Published on 28 April 2017
“This is an area where we can make a real difference,” said Wu Hongbo, UN Under-Secretary-General for Economic and Social Affairs. “Sustainably managed forests are productive and resilient ecosystems, providing people with livelihoods and renewable energy, along with timber, food, shelter, clean air, water and climate benefits,” he added. At the same time, fuel wood – the primary source of energy for nearly a third…
Published on 28 April 2017
Yet, as exciting as this future looks, we must not forget the critical role trees play right now in so many facets of daily life. One in three households, or about 2.4 billion people, rely on wood for heating homes, boiling safe drinking water and cooking nutritious meals – which tells us how crucial wood is to food security and well-being. Another 65 million people…
Published on 19 April 2017
"We're particularly interested in severe turbulence, because that's the kind of turbulence that's strong enough to hospitalise people," Williams told The Washington Post. Forecasting algorithms can help pilots anticipate and avoid turbulent patches. But the research does suggest that future fliers could be in for a bumpier ride. The paper builds on a 2013 study in the journal Nature Climate Change by Williams and colleague…
Published on 20 March 2017
Dr James Ryalls, author of the report, told Xinhua on Wednesday that this process the plants undertake is often “neglected,” but it is crucial to resist herbivory, attacks by insect predators. Ryalls maintained that while research in this field is somewhat in its infancy, the potential to use silicon as a natural form of pesticide is immense. “It’s applicable to field conditions and crops, and…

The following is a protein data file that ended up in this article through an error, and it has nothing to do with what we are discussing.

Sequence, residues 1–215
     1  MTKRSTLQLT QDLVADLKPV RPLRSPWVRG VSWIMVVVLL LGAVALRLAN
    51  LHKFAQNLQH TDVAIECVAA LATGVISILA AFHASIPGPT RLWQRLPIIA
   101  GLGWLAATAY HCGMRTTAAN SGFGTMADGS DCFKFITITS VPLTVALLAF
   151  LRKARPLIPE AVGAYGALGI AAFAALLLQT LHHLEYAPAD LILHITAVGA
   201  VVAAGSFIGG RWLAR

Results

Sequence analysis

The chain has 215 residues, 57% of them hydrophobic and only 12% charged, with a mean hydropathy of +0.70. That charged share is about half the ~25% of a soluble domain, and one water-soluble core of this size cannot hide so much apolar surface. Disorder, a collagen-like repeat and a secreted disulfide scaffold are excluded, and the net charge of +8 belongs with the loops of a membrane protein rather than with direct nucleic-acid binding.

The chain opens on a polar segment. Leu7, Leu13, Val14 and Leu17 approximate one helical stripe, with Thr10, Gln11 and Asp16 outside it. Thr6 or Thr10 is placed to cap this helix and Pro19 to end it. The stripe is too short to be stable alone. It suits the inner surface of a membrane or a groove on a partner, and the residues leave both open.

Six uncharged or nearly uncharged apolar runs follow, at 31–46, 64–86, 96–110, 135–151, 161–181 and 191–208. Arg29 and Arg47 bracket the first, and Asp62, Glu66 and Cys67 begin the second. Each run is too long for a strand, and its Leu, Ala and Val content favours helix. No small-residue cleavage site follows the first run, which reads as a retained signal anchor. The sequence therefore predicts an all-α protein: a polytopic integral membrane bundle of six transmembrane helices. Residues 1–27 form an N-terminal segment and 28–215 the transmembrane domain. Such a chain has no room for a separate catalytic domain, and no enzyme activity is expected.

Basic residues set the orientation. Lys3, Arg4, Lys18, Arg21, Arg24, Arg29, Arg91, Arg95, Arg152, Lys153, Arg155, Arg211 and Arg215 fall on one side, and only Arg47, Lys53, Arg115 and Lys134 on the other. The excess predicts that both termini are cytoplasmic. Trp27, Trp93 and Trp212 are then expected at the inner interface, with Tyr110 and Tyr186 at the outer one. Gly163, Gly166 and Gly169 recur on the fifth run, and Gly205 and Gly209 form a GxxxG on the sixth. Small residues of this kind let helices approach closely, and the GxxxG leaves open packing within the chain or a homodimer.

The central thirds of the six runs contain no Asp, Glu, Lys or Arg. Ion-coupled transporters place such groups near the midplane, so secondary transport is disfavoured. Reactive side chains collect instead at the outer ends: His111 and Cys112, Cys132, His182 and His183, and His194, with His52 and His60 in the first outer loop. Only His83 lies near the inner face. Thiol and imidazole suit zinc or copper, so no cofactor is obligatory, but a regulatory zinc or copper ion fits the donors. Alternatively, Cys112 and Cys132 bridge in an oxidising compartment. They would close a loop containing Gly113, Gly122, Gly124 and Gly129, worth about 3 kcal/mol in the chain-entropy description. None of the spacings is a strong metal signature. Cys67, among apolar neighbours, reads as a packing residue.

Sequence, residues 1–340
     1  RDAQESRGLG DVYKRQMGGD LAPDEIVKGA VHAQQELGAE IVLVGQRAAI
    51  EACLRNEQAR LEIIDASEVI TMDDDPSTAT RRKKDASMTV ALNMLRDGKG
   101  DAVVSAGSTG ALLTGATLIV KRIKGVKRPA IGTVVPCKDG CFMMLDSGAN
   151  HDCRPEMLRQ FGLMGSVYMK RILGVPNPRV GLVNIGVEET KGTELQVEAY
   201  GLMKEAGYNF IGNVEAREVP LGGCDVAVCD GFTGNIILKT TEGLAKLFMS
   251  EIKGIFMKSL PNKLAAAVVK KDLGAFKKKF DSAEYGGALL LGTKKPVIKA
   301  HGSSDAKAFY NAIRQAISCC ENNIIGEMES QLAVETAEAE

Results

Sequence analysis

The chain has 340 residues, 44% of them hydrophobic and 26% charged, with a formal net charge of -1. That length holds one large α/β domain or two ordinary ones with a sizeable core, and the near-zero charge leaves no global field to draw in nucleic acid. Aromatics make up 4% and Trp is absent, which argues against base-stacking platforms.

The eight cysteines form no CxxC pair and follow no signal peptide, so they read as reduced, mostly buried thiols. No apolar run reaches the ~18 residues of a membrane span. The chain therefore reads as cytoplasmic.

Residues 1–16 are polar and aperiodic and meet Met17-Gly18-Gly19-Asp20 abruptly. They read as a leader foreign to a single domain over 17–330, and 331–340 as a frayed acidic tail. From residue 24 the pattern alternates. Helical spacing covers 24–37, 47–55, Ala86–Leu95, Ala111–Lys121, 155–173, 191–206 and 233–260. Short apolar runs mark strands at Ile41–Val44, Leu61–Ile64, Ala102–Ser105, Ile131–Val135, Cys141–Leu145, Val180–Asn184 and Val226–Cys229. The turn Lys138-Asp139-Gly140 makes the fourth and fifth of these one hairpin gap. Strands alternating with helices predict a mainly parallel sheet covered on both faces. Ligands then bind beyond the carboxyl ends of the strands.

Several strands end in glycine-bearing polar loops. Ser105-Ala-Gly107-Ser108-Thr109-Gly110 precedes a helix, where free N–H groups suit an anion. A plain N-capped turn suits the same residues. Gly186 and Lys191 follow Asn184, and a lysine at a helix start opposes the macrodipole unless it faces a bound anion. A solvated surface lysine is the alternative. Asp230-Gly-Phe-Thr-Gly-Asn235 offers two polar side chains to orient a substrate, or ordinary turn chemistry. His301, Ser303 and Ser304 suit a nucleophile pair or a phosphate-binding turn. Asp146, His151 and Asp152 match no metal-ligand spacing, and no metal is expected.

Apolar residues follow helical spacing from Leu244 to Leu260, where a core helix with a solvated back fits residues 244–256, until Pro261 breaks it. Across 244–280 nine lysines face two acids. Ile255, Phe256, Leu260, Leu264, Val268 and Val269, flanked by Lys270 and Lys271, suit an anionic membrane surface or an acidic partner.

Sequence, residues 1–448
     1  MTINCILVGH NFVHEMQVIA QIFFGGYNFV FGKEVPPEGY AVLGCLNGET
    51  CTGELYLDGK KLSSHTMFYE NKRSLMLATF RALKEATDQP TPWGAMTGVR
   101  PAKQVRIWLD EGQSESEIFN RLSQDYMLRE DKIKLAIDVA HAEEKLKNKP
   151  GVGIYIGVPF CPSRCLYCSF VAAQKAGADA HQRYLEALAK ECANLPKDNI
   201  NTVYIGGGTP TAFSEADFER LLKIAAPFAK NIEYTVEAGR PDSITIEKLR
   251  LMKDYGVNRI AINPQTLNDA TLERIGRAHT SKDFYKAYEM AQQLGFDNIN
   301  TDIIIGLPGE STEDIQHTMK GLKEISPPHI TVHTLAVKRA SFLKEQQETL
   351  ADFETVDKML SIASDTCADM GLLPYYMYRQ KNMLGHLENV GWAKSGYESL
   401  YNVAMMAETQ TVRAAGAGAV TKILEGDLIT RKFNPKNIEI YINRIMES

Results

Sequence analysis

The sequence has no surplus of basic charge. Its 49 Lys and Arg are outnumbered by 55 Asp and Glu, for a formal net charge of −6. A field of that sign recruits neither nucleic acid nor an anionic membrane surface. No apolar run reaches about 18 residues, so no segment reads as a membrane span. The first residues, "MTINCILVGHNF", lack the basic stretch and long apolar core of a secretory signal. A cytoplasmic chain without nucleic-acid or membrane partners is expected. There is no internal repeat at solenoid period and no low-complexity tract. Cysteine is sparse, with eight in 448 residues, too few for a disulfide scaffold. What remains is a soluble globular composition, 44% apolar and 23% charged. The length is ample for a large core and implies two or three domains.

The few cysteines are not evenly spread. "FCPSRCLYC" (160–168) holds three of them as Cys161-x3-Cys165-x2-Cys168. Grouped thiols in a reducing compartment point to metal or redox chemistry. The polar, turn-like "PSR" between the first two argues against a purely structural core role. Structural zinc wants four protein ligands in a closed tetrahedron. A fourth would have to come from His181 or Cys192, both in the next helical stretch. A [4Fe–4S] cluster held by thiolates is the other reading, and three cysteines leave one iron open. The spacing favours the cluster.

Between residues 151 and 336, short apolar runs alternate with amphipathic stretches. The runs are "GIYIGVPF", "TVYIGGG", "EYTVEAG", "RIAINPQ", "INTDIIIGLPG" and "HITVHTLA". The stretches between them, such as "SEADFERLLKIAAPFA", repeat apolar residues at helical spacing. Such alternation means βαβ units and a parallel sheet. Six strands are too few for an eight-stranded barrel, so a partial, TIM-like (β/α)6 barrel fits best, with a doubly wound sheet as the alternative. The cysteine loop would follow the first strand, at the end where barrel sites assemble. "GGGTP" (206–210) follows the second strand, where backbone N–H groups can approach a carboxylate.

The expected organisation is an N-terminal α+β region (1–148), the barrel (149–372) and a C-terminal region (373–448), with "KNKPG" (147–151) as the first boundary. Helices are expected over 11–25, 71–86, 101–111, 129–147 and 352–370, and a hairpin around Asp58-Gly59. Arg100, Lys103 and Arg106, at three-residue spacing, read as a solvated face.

Published on 7 February 2017
The land use sector is particularly important because it holds many links to food security, economy, well-being, and the Sustainable Development Goals (SDGs). This sector is also unique because of its huge carbon sink potential. In developing countries, land use change (i.e. deforestation) and agriculture are often the largest source of greenhouse gas (GHG) emissions. Unfortunately, emissions from land use change are notoriously hard to…
Published on 31 January 2017
The examination of the movement and interaction of mechanical energies across the atmosphere, published Jan. 24 in the journal Nature Communications, is the first to explore long-term variations of the Lorenz energy cycle -- a complex formula used to describe the interaction between potential and kinetic energy in the atmosphere -- and offers a new perspective on what is happening with global warming. "It is…
Published on 31 January 2017
As targeted, the conference brought together 65 participants and presenters coming from Timor Leste, Kyrgyz Republic, Cambodia, and South Korea. From the Philippines, there were participants from the Institute of Agroforestry-CFNR-UPLB, Laguna Lake Development Authority, DENR-CAR, ASEAN Centre for Biodiversity, Saint Louis University, Benguet Federation of Farmers and National Power Corporation. “This activity is an expanded activity primarily because it was an ordinary visit from…
Published on 23 January 2017
Upward trend The main reason for the rise is the burning of fossil fuels like oil and gas, which send carbon dioxide, methane and other pollutants known as greenhouse gasses into the atmosphere and warm the planet. The mounting toll of industrialization on the Earth’s natural balance is increasingly apparent in the record books of recent decades. “Since the start of the 21st…
Published on 20 December 2016
1. Hottest year on record—again. From the United Nations’ World Meteorological Organization to the National Aeronautics and Space Administration (NASA) to the UK Met Office, experts unanimously agreed that 2016 will almost definitely be the hottest year ever, a record previously set by 2015. Scientists will only be able to confirm this early next year. Analysts attributed the high temperatures partly to the lingering…
Published on 20 December 2016
Scientists involved in the editorial will discuss these trends at a session during the fall meeting of the American Geophysical Union (AGU) in San Francisco on Tuesday, 13 December. The findings could give new global attention to methane - which is much less prevalent in the atmosphere than carbon dioxide but is a more potent greenhouse gas, trapping 28 times more heat. And while research…